Brennan, 47, is among three priests, a defrocked priest, and a former parochial schoolteacher charged with sex crimes and child endangerment in a case that has rocked the Roman Catholic Archdiocese of Philadelphia and drawn national attention.
He was removed from active ministry in 2006 after his alleged victim came forward. In recommending charges against Brennan last month, the grand jury painted a disturbing picture of his behavior with minors. It also heard testimony from the priest's accuser and found him credible.
DeSipio suggested that Brennan's alleged victim, now 29 and in jail on a drug charge, had concocted the abuse story, just as he once lied to police that he had been stabbed by an intruder in his Newtown, Bucks County home.
The Inquirer is withholding the man's name because prosecutors say he was the victim of a sex crime. He could not be reached for comment.
In February 2005, court records show, the man called police to report that someone had broken into his home at 3 a.m., stabbed him in the arm and chest, and stole $675 in cash, along with prescription drugs, a watch, and a DVD player.
A detective noted that he had "several small, superficial cuts on his right arm and chest," but was otherwise uninjured. Within two days, a police investigation concluded that the man had made up the story.
His mother, who had been home at the time, told police she heard nothing, and was "suspicious" of her son's account. He had a drug problem, she said, and had recently stolen and cashed her personal checks.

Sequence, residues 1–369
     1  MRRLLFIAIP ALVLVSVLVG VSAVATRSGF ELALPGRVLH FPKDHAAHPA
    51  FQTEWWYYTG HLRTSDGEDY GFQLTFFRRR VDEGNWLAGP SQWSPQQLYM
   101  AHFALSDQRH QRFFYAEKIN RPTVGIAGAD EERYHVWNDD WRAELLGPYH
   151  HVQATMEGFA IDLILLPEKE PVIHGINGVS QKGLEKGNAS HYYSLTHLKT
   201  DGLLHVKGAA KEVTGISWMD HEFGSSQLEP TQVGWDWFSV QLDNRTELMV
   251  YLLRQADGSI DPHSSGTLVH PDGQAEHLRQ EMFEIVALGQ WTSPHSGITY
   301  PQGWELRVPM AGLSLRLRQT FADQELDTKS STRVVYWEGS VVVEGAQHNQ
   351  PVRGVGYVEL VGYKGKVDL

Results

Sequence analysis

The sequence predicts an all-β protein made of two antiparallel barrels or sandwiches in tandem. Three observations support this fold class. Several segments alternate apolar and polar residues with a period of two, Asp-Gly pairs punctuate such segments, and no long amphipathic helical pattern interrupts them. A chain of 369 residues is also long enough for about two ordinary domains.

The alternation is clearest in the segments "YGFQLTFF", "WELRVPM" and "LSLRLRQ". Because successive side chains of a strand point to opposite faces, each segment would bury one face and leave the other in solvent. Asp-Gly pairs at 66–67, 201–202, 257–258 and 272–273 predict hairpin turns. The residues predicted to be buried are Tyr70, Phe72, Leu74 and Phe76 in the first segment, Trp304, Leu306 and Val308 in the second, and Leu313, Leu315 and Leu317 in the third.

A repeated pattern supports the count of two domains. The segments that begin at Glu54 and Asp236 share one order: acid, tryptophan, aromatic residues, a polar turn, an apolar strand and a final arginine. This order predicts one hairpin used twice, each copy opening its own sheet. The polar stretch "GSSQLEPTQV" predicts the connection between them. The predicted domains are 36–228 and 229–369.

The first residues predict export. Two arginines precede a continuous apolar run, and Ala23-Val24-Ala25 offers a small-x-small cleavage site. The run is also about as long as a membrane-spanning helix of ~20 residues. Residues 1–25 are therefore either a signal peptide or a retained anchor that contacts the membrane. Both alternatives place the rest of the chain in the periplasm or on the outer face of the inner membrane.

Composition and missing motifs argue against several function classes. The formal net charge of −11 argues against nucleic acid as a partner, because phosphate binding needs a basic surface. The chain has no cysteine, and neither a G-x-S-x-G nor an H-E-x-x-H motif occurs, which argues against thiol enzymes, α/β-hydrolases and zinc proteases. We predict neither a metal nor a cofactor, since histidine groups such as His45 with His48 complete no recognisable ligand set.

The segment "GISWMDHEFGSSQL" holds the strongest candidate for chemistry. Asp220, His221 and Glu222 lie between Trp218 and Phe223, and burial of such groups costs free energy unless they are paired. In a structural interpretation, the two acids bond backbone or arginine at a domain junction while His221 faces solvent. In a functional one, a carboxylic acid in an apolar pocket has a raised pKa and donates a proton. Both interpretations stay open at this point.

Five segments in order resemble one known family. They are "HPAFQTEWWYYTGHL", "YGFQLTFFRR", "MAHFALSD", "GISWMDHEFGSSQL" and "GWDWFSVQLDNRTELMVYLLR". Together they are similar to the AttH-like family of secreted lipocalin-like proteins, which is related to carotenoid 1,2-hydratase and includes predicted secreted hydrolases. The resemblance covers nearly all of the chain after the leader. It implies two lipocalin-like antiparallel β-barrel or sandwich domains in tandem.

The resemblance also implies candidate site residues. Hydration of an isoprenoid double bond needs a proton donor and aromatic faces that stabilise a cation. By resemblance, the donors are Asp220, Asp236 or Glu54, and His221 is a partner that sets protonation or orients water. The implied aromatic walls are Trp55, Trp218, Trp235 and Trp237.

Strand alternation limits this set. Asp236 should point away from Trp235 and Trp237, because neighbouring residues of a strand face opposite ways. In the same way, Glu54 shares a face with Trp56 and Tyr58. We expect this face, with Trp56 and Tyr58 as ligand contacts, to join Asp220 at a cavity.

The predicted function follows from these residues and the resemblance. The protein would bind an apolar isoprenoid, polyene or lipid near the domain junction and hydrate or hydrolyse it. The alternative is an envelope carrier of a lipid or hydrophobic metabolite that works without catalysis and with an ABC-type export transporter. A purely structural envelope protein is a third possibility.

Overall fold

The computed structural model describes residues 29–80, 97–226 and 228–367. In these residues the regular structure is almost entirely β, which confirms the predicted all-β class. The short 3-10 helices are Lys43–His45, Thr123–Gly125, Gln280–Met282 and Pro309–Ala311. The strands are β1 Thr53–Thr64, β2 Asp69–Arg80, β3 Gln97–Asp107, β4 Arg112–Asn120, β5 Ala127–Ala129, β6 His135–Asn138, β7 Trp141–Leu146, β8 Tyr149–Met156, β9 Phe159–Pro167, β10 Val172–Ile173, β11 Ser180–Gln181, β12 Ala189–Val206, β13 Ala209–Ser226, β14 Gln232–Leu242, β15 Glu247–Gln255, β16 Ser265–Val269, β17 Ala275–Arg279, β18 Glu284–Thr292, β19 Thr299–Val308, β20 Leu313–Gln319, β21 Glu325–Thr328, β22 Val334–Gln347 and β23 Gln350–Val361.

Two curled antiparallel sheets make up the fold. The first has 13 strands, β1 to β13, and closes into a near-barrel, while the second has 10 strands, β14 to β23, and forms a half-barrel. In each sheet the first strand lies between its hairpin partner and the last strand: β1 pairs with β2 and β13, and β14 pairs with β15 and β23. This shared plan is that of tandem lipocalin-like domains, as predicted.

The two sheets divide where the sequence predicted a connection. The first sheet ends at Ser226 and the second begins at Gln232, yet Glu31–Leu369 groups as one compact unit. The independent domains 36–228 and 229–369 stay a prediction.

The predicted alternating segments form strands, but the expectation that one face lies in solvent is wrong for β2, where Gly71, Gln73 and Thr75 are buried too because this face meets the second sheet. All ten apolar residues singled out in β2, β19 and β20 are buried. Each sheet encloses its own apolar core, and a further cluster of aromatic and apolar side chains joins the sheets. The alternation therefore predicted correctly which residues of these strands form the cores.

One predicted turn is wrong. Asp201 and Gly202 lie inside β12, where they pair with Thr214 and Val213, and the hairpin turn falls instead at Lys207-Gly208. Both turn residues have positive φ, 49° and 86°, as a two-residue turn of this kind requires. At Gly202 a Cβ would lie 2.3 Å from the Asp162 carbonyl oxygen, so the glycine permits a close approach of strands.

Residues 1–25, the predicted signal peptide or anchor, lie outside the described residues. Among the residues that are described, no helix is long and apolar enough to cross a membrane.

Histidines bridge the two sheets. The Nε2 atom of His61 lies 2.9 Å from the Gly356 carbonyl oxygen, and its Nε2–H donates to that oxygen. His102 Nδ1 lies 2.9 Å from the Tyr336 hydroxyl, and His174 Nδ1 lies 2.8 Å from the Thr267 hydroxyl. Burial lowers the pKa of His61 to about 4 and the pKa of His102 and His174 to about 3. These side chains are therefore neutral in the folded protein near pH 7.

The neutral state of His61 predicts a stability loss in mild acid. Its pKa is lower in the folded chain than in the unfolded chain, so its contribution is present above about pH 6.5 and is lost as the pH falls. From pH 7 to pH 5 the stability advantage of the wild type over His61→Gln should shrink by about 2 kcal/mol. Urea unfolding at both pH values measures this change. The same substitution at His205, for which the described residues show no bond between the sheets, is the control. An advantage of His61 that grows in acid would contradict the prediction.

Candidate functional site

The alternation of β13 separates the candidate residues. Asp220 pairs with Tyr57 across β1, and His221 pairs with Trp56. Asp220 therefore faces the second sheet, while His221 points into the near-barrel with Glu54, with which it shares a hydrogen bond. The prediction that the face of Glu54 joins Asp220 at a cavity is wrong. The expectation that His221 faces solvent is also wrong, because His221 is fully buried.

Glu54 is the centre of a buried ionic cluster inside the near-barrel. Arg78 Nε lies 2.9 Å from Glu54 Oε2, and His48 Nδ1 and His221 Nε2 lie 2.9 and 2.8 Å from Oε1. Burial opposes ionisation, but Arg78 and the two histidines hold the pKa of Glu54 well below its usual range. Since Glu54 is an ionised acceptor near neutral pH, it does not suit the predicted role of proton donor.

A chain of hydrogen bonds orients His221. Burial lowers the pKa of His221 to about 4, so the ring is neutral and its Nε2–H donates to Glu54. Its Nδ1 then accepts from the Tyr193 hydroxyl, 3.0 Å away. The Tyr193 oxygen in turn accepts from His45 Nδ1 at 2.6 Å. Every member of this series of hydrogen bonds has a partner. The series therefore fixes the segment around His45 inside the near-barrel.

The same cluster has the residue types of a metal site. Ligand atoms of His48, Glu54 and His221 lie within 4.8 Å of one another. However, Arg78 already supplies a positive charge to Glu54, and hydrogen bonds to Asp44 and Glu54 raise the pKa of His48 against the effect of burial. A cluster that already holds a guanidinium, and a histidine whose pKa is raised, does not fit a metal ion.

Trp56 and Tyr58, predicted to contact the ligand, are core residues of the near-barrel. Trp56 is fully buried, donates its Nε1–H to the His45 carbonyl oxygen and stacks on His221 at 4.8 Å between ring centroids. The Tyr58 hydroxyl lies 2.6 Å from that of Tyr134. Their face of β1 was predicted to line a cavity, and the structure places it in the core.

Police charged him with filing a false report to law enforcement. He pleaded guilty and was sentenced to up to one year in jail.
He also was convicted of driving while under the influence of drugs in 2010.
"Not only did he make up the home invasion, he faked the corroboration by cutting himself," DeSipio said. "You have to pause and ask yourself who's saying this."
The priest, however, was the one taken to task by the grand jury.
While Brennan was a teacher at Cardinal O'Hara High School in Springfield in the early 1990s, administrators expressed concern that he was hosting parties with students and possibly serving alcohol. At one point, they banned him from taking students into closed-door meetings.
In 1995, the grand jury said, Brennan invited a 17- or 18-year-old male to live with him for several months in an archdiocesan home for learning-disabled women, where he was chaplain. When the nuns at the home questioned the arrangement, the panel said, Brennan lied and claimed the young man was his nephew.
Cardinal Anthony Bevilacqua later noted in Brennan's personnel file that he had "doubts in my mind about his honesty."
As for questions surrounding the accuser's credibility, an advocate for abuse victims said Tuesday that self-destructive or antisocial behaviors are not unusual among those sexually assaulted as children.
"Substance abuse, eating disorders, depression, anxiety, sexual problems and run-ins with the law - these can happen when you're exposed to trauma at an early age," said John Salveson, president of the Foundation to Abolish Child Sex Abuse. "Not all victims are broken people, but it has a profound effect on your well-being."
It is "patently ridiculous" to think that someone would make up charges against a priest, Salveson said. "It's a humiliating and embarrassing thing to come forward and admit these things."
For his part, Brennan told radio host Chris Stigall on WPHT-AM (1210) that he looked forward to his day in court.
"I don't want to die on the hill of public opinion."
Contact staff writer Nancy Phillips at 215-854-2254 or firstname.lastname@example.org.
Inquirer staff writer Larry King contributed to this article.